Currently there are many Twitter posts suggesting the Windows Installer Clean Up Utility. This concerns me and I want to clarify some things about it.
I think these tweets might have been triggered by a blog article that Karl L. Gechlik posted recently: Clean up your PC with Windows Installer Clean Up Utility
The Windows Installer CleanUp Utility (MSICU) is a last resort to work around problems with broken or partially installed Windows Installer (MSI) packages if the regular measures like uninstalling from Add/Remove Programs control panel have failed. However it is not intended for routine maintenance of your computer.
When you install a program with a setup that is based on Windows Installer technology, information about that program is registered in the Windows Installer database. If this information or the setup program itself gets corrupted you may not be able to uninstall or re-install this program, and you might even be unable to install other programs. MSICU can delete such corrupted information in the Windows Installer database.
The first caveat is that it can also remove this information for setup packages that are not corrupted. If you delete such information you will no longer be able to uninstall or maintain the respective program. Using MSICU you can severely damage your system configuration. If it ain’t broke, don’t fix it!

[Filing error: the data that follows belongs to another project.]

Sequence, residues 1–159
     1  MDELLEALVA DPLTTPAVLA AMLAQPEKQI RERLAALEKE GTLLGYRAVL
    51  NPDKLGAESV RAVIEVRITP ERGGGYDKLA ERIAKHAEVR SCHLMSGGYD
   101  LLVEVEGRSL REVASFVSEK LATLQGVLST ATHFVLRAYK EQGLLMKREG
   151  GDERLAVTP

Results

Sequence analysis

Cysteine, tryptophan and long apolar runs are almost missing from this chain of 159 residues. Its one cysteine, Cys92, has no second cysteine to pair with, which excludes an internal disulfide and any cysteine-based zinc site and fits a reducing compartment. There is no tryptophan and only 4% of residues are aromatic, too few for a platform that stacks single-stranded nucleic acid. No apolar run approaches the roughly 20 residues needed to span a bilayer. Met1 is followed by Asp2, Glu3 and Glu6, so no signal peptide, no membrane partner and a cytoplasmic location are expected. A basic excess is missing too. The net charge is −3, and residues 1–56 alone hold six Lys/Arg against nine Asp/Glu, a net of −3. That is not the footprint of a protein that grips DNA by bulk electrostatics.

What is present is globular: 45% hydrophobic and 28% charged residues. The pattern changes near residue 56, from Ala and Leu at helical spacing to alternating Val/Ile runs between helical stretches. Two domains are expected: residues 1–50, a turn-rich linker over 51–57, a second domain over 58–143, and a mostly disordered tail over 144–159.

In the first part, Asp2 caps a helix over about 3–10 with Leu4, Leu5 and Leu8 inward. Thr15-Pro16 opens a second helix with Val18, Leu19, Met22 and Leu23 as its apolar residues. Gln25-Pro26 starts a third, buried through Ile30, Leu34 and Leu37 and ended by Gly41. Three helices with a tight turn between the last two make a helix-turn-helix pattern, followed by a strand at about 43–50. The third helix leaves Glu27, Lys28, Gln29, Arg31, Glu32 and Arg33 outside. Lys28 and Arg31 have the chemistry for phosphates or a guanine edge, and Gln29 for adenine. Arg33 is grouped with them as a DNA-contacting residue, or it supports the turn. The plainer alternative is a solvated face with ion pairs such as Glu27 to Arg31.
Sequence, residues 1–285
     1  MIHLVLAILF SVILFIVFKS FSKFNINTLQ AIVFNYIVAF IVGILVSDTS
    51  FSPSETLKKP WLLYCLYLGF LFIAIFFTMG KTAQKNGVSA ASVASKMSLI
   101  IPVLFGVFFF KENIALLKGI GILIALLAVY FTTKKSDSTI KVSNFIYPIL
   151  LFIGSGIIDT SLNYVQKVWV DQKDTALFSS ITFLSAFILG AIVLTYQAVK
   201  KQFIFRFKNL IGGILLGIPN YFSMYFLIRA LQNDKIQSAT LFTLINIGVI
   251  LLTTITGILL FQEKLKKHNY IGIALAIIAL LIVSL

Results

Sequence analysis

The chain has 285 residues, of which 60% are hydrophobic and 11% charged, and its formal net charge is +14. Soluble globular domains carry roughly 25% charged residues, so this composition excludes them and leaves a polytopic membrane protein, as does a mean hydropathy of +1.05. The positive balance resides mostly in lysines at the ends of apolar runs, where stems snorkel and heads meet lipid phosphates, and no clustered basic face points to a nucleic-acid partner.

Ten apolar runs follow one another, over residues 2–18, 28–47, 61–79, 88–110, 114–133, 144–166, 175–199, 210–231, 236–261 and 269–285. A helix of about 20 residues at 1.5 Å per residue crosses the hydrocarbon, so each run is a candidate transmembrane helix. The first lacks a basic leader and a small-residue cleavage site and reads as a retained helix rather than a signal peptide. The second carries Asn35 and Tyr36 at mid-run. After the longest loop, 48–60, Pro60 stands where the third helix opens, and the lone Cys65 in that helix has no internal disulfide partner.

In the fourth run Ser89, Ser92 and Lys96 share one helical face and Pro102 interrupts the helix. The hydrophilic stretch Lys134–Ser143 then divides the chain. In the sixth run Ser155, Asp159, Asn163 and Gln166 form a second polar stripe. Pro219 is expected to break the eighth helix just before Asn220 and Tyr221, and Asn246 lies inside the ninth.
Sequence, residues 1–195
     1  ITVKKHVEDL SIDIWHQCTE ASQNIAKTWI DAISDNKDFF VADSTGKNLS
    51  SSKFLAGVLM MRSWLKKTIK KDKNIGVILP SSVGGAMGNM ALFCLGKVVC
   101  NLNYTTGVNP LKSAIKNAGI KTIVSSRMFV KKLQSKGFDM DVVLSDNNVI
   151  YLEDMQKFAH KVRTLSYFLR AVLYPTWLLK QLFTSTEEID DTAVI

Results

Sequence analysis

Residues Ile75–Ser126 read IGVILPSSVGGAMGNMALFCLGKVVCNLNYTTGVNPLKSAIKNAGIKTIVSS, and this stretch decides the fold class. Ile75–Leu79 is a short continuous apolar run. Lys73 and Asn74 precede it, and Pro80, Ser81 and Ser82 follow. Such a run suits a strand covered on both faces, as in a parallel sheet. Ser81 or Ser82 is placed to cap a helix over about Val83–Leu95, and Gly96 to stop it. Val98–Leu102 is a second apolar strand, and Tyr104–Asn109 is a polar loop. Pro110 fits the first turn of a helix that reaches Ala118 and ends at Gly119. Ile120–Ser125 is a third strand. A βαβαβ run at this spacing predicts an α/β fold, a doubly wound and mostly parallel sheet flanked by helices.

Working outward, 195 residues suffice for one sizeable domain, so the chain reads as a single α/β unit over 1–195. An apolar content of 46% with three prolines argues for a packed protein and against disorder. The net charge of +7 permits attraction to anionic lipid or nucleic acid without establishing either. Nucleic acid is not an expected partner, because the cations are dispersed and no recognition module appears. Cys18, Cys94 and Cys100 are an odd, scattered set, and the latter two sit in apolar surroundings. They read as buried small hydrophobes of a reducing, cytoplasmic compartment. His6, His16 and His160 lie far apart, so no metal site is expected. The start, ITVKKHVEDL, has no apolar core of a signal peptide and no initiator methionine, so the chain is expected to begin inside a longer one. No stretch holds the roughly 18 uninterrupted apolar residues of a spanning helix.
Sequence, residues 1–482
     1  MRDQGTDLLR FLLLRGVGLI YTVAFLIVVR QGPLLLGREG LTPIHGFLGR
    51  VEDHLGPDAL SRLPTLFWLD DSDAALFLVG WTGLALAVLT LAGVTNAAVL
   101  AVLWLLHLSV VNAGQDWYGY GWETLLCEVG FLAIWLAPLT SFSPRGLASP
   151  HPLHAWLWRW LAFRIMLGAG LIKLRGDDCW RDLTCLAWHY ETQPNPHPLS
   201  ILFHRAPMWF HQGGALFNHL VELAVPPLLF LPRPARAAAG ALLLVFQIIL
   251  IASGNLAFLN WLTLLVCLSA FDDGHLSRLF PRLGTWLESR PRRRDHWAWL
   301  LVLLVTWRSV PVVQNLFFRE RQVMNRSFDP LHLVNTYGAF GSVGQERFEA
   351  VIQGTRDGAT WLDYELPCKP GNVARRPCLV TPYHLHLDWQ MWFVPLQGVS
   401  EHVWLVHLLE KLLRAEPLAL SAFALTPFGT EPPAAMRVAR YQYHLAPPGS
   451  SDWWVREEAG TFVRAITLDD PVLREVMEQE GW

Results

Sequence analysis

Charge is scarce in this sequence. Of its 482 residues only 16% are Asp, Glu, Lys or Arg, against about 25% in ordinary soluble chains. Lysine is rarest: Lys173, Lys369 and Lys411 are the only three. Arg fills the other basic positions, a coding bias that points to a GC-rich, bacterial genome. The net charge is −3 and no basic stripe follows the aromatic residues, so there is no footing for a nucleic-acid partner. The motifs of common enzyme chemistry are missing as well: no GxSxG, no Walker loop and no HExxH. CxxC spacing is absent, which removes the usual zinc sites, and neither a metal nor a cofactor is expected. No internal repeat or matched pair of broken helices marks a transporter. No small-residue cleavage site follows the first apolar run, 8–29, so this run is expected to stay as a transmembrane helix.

There’s also a misconception about MSICU and this is reflected in the following statement in Karl Gechlik’s blog:
It runs through the registry using command line options to search and remove registry items associated with your application and then it grabs and deletes shared dll’s and other files.
This is not quite correct. MSICU only removes information from the Windows Installer database. It does not remove registry items like COM registration, nor does it delete any program files (including shared DLLs).
If you look carefully at the lines I highlighted in the above screenshot (which I borrowed from Karl’s blog) you’ll notice that they say:
Removed shared DLL entry: …
Windows keeps a reference count for DLL files that are shared between multiple applications in the registry. This count is used to determine when no application needs the file anymore so that it can savely be deleted. MSICU decrements this counter, but it doesn’t delete the file itself.
The documentation on the MSICU download page also makes this clear:
Be aware that Windows Installer CleanUp Utility will not remove the actual program from your computer. However, it will remove the installation files so that you can start the installation, upgrade, or uninstall over.
So the second caveat: MSICU will not delete files (except the cached .msi file), it will not regain “wasted” disk space, it will not clean your registry, it will not make your computer faster. Quite the opposite: it will leave all installed files on your hard disk as orphans.
To summarize: MSCU is a useful tool if you face a problem with a corrupted Windows Installer package, but most Windows users should never need to use it.